Sole Proprietorship

Friday, 05 March 2010 Andy Anderson

A majority of the small businesses in the United States are operated as sole proprietorships. This type of business organization is the simplest and is the form usually chosen by the one-person business, in which the owner and worker are the same person (although sole proprietorships can have employees). Its primary advantage is its ease of formation; its most important disadvantages are (1) it can have only one owner and (2) the owner is individually responsible for all losses of the
business.

Getting Started

Selecting a Name and Beginning

You can start a sole proprietorship simply by beginning to conduct your business. You should open a separate bank account to keep track of your business's finances and keep records of all of the expenses and revenues connected with running the business.

A sole proprietorship is usually operated under the name of the individual owner, although other names can be used. If the name selected is not yours, you may be required to file a "fictitious name" certificate in the town, city or county in which your business is located. Care should be taken in selecting a name to ensure it is not the same or similar to the name of another business. Also, note that many states prohibit using the words "incorporated," 'Inc.," "Corporation," "Company" or "Co." unless your business is a corporation.

Obtaining Permits and Licenses

Many states and localities require businesses to obtain business licenses or permits, no matter what type of entity is involved. Examples of the licenses often required are business licenses, zoning occupancy permits and tax registrations. You should call local government offices for information and application forms.

Control

Who Owns the Business?

If you create a sole proprietorship, all the assets of the business are owned directly by you. A sole proprietorship may be owned by only one individual--ownership by more than one person creates a partnership.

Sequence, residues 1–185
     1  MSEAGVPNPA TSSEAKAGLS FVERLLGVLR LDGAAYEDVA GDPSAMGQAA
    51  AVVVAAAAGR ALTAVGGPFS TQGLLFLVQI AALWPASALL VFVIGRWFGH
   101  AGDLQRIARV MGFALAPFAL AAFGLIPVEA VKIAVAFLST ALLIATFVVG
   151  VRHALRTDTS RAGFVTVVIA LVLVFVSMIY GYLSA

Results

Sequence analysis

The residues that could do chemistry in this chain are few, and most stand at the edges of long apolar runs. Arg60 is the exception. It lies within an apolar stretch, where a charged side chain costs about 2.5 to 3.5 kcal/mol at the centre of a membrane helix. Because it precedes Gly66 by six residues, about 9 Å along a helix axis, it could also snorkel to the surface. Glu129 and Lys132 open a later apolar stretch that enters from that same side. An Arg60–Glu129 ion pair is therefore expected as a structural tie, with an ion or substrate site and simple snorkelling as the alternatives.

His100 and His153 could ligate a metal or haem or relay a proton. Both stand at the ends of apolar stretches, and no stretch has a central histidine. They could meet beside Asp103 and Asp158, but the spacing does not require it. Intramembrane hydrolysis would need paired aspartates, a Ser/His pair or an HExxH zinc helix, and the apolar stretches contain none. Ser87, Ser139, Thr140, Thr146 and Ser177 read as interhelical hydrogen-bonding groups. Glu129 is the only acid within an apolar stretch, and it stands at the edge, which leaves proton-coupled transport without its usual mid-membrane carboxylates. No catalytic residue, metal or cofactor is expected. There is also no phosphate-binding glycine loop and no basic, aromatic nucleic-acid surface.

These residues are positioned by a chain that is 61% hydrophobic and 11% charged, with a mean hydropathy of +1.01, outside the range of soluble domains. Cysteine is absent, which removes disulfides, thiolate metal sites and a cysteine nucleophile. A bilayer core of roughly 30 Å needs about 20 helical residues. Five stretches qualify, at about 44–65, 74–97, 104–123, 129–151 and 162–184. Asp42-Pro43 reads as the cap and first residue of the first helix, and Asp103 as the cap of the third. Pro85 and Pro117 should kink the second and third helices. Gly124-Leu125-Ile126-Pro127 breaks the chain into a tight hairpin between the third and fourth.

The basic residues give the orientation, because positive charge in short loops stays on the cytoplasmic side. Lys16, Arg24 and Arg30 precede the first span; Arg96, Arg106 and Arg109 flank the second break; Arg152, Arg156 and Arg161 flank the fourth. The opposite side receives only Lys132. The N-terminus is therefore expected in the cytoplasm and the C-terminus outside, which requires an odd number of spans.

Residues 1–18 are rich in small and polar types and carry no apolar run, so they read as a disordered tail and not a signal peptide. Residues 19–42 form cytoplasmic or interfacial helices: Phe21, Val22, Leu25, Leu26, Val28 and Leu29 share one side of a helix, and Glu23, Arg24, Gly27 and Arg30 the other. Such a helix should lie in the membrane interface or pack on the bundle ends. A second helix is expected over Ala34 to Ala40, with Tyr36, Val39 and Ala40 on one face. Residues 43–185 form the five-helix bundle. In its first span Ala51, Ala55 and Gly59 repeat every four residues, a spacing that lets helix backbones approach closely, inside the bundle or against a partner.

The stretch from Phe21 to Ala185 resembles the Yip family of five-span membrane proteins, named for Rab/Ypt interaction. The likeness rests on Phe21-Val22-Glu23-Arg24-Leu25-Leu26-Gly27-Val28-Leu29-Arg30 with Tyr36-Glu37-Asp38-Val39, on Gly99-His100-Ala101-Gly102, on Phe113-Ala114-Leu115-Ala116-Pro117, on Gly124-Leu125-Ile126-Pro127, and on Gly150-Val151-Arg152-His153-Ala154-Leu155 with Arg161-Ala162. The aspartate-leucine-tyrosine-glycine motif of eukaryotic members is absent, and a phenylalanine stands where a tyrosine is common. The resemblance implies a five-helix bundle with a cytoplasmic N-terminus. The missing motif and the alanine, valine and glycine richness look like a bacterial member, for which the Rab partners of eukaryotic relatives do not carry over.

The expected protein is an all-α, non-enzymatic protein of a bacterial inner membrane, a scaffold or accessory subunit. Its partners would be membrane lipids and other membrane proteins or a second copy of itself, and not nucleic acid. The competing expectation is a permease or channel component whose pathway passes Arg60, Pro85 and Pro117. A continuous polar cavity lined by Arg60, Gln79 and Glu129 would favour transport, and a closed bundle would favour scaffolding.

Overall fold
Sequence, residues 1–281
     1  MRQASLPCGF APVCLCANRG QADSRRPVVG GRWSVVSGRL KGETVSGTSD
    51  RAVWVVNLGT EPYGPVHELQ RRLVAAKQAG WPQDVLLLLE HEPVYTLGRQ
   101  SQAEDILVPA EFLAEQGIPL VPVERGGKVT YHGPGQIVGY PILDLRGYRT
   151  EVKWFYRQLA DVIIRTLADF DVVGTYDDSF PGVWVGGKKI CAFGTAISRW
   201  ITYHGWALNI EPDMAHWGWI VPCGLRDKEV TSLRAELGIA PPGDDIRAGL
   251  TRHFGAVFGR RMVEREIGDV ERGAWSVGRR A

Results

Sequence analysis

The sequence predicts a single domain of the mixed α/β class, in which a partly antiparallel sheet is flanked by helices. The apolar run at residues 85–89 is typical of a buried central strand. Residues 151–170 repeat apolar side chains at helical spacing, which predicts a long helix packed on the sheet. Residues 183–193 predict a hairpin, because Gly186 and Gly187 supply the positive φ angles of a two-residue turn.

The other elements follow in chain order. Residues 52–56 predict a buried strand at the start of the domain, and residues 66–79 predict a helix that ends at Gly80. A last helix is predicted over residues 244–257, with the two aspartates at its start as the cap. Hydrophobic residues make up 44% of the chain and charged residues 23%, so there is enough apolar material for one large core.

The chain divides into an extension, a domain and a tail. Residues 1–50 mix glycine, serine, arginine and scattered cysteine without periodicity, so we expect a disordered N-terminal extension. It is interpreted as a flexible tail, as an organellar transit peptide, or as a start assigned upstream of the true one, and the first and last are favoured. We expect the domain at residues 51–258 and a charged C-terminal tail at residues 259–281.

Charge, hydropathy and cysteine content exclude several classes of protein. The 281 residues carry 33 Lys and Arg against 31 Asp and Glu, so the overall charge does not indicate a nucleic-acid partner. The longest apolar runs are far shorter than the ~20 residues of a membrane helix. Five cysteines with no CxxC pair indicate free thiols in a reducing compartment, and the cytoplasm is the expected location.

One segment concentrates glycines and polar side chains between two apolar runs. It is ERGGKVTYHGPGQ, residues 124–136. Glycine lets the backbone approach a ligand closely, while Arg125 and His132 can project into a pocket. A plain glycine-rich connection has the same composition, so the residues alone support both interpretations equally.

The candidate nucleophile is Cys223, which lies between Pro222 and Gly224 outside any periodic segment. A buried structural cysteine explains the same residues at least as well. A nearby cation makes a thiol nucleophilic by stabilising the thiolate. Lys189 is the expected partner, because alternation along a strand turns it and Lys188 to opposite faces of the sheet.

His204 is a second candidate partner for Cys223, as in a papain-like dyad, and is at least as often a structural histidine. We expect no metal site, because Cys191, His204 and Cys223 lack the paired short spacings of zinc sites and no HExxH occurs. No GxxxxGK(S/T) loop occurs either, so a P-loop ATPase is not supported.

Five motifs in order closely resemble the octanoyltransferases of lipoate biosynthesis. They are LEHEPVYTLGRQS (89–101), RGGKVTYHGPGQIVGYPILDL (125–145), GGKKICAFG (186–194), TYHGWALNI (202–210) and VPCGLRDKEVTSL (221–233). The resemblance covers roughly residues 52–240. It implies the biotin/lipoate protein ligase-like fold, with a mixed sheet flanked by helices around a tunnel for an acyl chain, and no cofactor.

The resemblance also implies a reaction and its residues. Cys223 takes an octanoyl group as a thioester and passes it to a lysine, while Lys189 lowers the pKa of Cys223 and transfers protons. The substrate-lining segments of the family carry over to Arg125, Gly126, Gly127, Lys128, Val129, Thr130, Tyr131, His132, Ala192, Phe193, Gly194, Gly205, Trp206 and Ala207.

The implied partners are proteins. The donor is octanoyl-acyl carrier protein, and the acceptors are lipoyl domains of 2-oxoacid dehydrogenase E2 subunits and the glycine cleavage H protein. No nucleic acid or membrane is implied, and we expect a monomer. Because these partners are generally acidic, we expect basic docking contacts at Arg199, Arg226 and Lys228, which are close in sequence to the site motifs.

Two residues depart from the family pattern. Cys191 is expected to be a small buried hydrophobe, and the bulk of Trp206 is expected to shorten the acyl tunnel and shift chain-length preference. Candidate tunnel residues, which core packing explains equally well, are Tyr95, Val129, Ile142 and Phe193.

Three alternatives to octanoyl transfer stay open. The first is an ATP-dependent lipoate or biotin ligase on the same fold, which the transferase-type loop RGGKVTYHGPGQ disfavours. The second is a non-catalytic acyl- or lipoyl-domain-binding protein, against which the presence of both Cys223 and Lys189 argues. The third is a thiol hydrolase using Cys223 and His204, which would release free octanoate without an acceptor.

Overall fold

Who Controls the Business?

Generally, the owner of the sole proprietorship controls the business. If you are the owner of a sole proprietorship, you may hire employees to help you manage the business, but you will have legal responsibility for the decisions made by your employees and ultimate control over the business.

Liability

In a sole proprietorship, the business and the owner are one and the same. There is no separate legal entity and thus no separate legal "person." This means that as a sole proprietor you will have unlimited personal responsibility for your business's liabilities. For example, if your business cannot pay for its supplies, the suppliers can sue you individually. The business creditors can go against both the business's assets and your personal assets, including your bank account, car or house (However, in some states, you may be able to protect your personal assets from business risks by owning them jointly with your spouse or by transferring them to your spouse or children. There may be tax and other reasons why this is not a good idea; seek the advice of a lawyer first.) The reverse is also true; i.e., your personal creditors can make claims against your
business's assets.

Insurance may be purchased to cover many of the risks of running a sole proprietorship. Some businesses are not very risky, so the personal liability may not be a great concern. However, you should understand that if you choose to operate your business as a sole proprietorship and lose money (which insurance will not cover), you will be personally liable for the loss.

Continuity and Transferability

How Long Does a Sole Proprietorship Last?

A sole proprietorship can exist as long as its owner is alive and desires to continue the business. When the owner dies, the sole proprietorship no longer exists. The assets and liabilities of the business become part of the owner's estate.

Can You Sell Your Business?

A sole proprietor can freely transfer a business by selling all or a portion of the assets of the business.

Taxes

A sole proprietor is taxed on all income from the business at applicable individual tax rates. The business income, and allowable business expenses, are reflected on the individual tax return. No separate federal income tax return is required of the sole proprietor. However, a proprietor must pay self-employment tax on the business income.

Pros and Cons

Pros

  • Is inexpensive to start.
  • Is simple to run.
  • Has no double taxation on profits (see explanation under section on corporations).

Cons

  • Owner has unlimited personal liability for business liabilities.
  • Business has unlimited liability for owner's personal liabilities.
  • Ownership is limited to one person.

 

Read 6219 times Last modified on Friday, 05 March 2010

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